Third, adaptation strategy selection also requires good knowledge of data patterns and understanding possible changes. A number of strategies exist for efficient adaption of algorithms, such as initiation of adaptation after measuring Type I and Type II errors from the detected changes (True and False alarms can be distinguished), request and re-verify approach [88]. Furthermore, meta- and statistical information about the data can help in producing a viable yield from learners. Another challenge in adaptation is the computational effort, that is, how much retraining should be done and on how much data it should be done. In this study, we retained the real observations as historical data for retraining, see Figure 1. Therefore, upon detection of concept change, model retrains on this data for adaptation. However, the possibility of keeping meta information from previously updated models and using it in future models, is still an open question and requires further experimentation. We believe that such approach, if successful, can be beneficial in designing better adaptive strategies for real-time data streams.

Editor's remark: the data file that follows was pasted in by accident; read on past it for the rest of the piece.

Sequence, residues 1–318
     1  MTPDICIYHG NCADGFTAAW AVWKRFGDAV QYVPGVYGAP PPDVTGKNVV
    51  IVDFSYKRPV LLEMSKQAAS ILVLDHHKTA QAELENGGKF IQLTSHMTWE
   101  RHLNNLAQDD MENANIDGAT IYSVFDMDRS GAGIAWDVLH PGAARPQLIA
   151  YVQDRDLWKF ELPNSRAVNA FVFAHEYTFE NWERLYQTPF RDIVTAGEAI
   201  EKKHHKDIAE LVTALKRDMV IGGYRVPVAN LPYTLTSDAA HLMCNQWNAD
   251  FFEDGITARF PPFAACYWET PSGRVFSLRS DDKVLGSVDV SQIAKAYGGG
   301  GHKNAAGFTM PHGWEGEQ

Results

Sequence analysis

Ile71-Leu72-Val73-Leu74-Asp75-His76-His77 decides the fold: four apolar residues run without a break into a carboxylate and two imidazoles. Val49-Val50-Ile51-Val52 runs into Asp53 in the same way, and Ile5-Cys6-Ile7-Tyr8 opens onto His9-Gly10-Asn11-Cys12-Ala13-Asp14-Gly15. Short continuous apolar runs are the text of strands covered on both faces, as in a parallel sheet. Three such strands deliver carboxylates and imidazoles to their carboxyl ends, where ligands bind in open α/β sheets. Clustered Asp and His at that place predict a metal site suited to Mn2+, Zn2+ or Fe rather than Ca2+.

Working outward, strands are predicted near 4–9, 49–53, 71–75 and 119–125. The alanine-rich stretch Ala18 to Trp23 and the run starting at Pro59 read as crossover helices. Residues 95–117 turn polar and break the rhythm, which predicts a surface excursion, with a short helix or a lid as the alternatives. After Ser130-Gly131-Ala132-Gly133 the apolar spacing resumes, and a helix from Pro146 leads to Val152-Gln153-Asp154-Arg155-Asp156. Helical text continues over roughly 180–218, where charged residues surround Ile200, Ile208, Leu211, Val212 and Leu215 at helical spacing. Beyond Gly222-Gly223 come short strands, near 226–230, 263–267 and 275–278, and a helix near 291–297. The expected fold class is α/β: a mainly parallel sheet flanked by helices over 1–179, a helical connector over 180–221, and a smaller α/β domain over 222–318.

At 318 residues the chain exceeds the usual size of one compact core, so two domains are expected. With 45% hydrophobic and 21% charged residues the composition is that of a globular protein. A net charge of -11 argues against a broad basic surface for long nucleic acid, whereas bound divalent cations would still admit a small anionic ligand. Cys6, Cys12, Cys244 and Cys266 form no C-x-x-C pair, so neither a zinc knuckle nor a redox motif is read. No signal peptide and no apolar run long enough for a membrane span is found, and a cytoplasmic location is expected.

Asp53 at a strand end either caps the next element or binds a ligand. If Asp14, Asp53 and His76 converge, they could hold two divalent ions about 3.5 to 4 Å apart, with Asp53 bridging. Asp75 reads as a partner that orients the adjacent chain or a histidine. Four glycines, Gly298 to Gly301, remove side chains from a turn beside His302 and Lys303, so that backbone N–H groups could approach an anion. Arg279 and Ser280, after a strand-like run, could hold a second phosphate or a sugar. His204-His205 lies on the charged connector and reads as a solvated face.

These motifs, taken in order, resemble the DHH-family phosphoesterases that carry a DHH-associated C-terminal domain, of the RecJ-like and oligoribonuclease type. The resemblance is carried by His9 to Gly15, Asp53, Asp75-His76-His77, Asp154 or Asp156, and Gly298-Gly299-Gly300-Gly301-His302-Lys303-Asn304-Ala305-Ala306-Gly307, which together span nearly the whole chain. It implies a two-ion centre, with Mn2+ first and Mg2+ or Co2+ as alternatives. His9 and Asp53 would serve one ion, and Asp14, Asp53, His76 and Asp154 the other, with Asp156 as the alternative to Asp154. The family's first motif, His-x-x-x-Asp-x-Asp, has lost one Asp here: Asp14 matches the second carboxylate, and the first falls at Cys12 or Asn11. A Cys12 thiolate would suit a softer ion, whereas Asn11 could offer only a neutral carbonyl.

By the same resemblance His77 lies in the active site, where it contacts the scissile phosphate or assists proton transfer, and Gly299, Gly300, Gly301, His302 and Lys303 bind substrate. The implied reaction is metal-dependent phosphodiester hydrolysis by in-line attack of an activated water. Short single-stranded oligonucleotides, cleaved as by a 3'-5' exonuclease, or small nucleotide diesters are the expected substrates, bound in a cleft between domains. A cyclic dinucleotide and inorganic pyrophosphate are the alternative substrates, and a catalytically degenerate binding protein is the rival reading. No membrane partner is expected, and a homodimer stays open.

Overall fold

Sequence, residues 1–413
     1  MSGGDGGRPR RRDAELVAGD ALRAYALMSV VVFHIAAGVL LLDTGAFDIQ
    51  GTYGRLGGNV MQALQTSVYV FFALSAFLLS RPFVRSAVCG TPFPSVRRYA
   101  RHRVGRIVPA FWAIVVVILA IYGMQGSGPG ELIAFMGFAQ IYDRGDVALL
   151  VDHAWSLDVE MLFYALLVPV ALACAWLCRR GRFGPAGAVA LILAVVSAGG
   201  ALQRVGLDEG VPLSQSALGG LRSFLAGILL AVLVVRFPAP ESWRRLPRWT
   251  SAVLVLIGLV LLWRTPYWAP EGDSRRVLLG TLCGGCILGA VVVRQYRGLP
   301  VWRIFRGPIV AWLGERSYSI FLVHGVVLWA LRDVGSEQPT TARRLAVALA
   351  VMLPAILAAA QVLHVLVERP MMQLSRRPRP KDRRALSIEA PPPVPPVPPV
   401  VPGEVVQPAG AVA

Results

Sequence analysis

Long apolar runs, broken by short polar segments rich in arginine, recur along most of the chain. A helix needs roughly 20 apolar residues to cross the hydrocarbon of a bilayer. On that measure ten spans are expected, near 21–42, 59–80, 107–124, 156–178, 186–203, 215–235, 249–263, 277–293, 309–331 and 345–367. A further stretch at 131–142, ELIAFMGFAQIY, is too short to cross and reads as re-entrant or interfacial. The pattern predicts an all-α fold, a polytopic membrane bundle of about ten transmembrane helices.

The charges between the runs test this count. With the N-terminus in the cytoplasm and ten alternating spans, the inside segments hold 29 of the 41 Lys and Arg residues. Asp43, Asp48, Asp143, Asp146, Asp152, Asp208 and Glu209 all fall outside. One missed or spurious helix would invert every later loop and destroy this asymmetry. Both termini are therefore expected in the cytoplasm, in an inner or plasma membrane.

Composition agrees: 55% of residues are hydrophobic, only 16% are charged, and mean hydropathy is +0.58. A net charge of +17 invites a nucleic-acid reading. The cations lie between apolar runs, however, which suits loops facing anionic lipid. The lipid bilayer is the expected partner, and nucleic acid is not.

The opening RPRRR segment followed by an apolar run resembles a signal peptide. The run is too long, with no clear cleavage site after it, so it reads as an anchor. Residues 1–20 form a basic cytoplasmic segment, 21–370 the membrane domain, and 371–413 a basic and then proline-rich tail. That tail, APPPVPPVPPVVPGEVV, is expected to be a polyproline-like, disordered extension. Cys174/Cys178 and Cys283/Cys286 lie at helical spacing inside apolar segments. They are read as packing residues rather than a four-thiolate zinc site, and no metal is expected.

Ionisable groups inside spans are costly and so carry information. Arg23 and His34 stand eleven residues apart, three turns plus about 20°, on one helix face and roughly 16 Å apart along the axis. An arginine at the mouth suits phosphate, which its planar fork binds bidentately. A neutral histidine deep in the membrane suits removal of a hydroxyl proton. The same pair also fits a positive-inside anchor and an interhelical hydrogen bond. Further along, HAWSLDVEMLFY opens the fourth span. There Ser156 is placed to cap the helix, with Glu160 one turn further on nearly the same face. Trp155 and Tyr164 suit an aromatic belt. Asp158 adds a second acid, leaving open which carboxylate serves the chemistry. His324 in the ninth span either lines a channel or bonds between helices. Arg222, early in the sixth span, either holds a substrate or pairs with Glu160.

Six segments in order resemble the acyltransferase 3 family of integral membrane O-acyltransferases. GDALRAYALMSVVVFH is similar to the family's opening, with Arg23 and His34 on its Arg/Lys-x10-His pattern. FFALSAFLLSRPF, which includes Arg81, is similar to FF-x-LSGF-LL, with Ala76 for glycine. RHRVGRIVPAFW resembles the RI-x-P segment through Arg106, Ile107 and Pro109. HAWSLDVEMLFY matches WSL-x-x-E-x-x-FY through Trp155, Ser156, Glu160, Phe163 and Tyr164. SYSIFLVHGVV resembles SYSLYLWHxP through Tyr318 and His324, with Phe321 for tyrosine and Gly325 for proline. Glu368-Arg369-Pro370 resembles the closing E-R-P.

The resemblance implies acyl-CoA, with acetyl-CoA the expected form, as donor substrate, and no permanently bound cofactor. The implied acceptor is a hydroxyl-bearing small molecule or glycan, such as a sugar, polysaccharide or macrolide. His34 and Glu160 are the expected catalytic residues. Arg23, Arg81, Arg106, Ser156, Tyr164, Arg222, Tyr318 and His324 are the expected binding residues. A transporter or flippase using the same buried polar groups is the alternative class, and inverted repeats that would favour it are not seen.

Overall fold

Fourth, the integration of concept drift detection may provide additional latency due to additional computations, testing and retraining of the learners. However, if integrated after excessive testing and adjoined with optimal adaptation strategies, computation overhead can be tackled. Moreover, proper evaluation methodology to asses the performance of concept drift solutions must also be in place. MAPE alone cannot be taken as a final metric for evaluation, as stated earlier false alarms can be possible. Therefore, Type I and Type II errors can be helpful, while additional evaluation methods have been proposed to ensure the accuracy of learners [62,88].